1990s, cont. John Maxwell (’95), Hermitage, was named manager of the new Nashville office of the Allen Lund Co. Joseph Legge (’96), Ooltewah, became the new public relations director for Walker County, Georgia, tasked with improving citizen awareness of county government activities. He recently served as WDEF-TV’s morning anchor in Chattanooga. Mitzi Michaelson (’96), Murfreesboro, a Nashville Merrill Lynch financial advisor, was recognized recently by Forbes as one of the Top Female Wealth Advisors. She began her career at Merrill Lynch in 2000. Before joining the firm, she worked as an investment advisor and sales coordinator for JC Bradford in its Defined Asset Trust division.

Chad Carter (’97, ’11), Lynchburg, was named the new principal of Lincoln County’s Ninth Grade Academy. Breckon Pennell (’97, ’05), Franklin, was appointed principal at McDowell Elementary School in Maury County. Robert Holman (‘98), Lynchburg, was named weekend editor at, a website devoted to Dirt Late Model Racing. A seven-time Tennessee Press Association winner, he was previously publisher of the Moore County News in Lynchburg. Holly Murrell (’98), Thompsons Station, joined Pinnacle Financial Partners’ trust team as a trust portfolio advisor. Erin Schlapkoh Colvin (’99), Anacortes, Washington, recently became a professor in the Computer Science Department at Western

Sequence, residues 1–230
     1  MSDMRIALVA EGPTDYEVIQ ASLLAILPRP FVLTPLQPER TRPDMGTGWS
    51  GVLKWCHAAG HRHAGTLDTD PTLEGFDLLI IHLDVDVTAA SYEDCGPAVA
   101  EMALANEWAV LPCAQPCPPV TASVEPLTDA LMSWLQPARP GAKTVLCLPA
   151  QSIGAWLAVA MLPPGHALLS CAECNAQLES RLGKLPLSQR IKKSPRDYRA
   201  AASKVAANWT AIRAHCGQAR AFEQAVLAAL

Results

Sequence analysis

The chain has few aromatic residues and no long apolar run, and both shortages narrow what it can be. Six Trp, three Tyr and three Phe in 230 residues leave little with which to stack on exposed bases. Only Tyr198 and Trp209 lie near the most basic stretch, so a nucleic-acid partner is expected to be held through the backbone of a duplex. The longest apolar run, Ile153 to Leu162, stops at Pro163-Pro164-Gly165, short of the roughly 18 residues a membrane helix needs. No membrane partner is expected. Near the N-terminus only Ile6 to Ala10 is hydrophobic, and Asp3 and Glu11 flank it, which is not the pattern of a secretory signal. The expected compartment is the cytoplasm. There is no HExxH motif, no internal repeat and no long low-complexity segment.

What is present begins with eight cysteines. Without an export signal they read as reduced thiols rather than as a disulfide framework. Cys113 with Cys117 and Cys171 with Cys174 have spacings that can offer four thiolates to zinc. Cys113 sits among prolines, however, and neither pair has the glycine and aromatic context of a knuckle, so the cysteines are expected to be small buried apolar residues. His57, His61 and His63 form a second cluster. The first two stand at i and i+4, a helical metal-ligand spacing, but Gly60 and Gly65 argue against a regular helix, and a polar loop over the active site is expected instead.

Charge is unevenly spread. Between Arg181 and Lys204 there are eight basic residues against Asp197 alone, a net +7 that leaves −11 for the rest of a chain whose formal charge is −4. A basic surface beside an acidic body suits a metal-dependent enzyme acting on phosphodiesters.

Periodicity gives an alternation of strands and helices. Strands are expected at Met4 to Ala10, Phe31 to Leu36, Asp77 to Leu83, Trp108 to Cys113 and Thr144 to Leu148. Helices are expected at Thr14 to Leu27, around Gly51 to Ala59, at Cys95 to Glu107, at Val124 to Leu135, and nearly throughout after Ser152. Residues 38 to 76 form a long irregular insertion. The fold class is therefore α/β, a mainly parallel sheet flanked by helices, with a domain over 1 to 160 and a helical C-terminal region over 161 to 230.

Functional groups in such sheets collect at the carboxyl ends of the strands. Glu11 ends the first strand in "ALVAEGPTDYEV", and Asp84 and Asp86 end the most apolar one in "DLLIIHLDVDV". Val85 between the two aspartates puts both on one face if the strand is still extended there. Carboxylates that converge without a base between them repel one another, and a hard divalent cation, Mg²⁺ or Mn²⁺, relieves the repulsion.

Washington University in Bellingham. Colvin researches fuzzy information retrieval, a look at how “fuzzy logic” is used to search for information in different data sets. Daphne M. Davis (’99), Nashville, was named general counsel for the Tennessee State Lodge of the Fraternal Order of Police. She will continue her private practice concentrating on police defense and other types of administrative law. Andrea Rizk (’99), Alpharetta, Georgia, was hired as director of communications by the Country Music Hall of Fame and Museum. Jason Ross (’99, ’05), Murfreesboro, was named supply chain operations director for Saint Thomas Rutherford and Saint Thomas regional hospitals.

2000s Matthew Hargis (’00), Nashville, was promoted by BMLG Records to senior